Estate of Dale R.A. Cady, Deceased, Richard A. Cady, Executor v. Commissioner., United States Tax Court - Memorandum Decision, T.C. Memo. 1990-476, Docket No. 27103-87., Filed August 30, 1990
Estate of Dale R.A. Cady, Deceased, Richard A. Cady, Executor v. Commissioner.
United States Tax Court - Memorandum Decision
T.C. Memo. 1990-476
Docket No. 27103-87.
Filed August 30, 1990.
Richard A. Cady, pro se. Steven R. Guest, for the respondent.
Memorandum Findings of Fact and Opinion
COHEN, Judge: Respondent determined a deficiency of $58,223.27 in Dale R. A. Cady's Federal income tax for 1983. Respondent also determined additions to tax of $2,911.17 under section 6653(a)(1); 50 percent of the interest due on $58,223.27 under section 6653(a)(2); and $14,555.82 under section 6661(a). Unless otherwise indicated, all section references are to the Internal Revenue Code, as amended and in effect for 1983. After concessions, the issues for decision are whether certain bank deposits constituted income to Dale R. A. Cady, whether he was entitled to various business expenses claimed on Schedule C of his return, and whether he was liable for self-employment tax and additions to tax determined by respondent.
Findings of Fact
Some of the facts have been stipulated, and the stipulated facts are incorporated in our findings by this reference. At the time the petition was filed, Dale R. A. Cady (decedent) resided in the Bahamas. Decedent was killed in an airplane crash in the Bahamas on June 27, 1988, and his father, Richard A. Cady (petitioner), was appointed executor of decedent's estate.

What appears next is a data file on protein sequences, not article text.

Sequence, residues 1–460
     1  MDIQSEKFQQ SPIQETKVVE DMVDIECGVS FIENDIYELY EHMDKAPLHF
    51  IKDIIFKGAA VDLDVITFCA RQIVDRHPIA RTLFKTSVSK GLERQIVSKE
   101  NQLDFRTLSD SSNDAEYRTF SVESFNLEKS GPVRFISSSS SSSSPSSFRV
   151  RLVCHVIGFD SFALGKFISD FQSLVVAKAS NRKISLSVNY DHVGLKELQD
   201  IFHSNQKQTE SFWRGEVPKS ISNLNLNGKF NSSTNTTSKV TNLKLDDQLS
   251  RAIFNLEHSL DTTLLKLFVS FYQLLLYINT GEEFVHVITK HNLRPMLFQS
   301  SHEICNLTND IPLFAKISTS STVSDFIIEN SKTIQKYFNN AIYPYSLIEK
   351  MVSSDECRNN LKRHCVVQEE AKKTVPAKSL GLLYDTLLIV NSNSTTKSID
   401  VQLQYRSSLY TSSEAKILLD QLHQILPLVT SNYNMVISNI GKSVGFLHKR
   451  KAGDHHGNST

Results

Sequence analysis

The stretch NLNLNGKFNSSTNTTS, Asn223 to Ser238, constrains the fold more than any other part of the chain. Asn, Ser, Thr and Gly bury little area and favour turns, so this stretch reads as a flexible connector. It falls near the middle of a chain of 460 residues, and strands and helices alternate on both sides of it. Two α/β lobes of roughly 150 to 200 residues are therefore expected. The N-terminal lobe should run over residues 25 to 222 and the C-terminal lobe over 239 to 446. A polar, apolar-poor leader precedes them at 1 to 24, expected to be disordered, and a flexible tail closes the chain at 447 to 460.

From 1979 through his death in 1988, decedent was a resident of the Bahamas. His family, including his former wife, child, and parents, resided in the United States. He was engaged in a number of income-producing activities, including promoting tourism and writing a book entitled "The Bahama Pilot's Aviation Guide." He received income from sales of the book, from advertising in the book, and from a travel agency operated by his former wife. Decedent may also have received income from other sources; the details about the amount and nature of that other income were not known to petitioner.
Decedent's tax returns were prepared by petitioner. Petitioner decided what deductions were to be taken, but petitioner did not have complete information about decedent's income. A Schedule C attached to decedent's 1983 return reported gross receipts of $93,915.67; cost of goods sold of $8,392.44; and expenses of $118,689.07, including depreciation of $19,900 on an airplane acquired in November 1982, aircraft repair and fuel of $41,478.61, and travel and entertainment expense of $34,840.56.
On decedent's 1983 return, $6,282.59 was deducted as 58 percent of a loss from a subchapter S corporation known as Cady Development Co., Inc. Petitioner was the sole shareholder of that subchapter S corporation in 1983.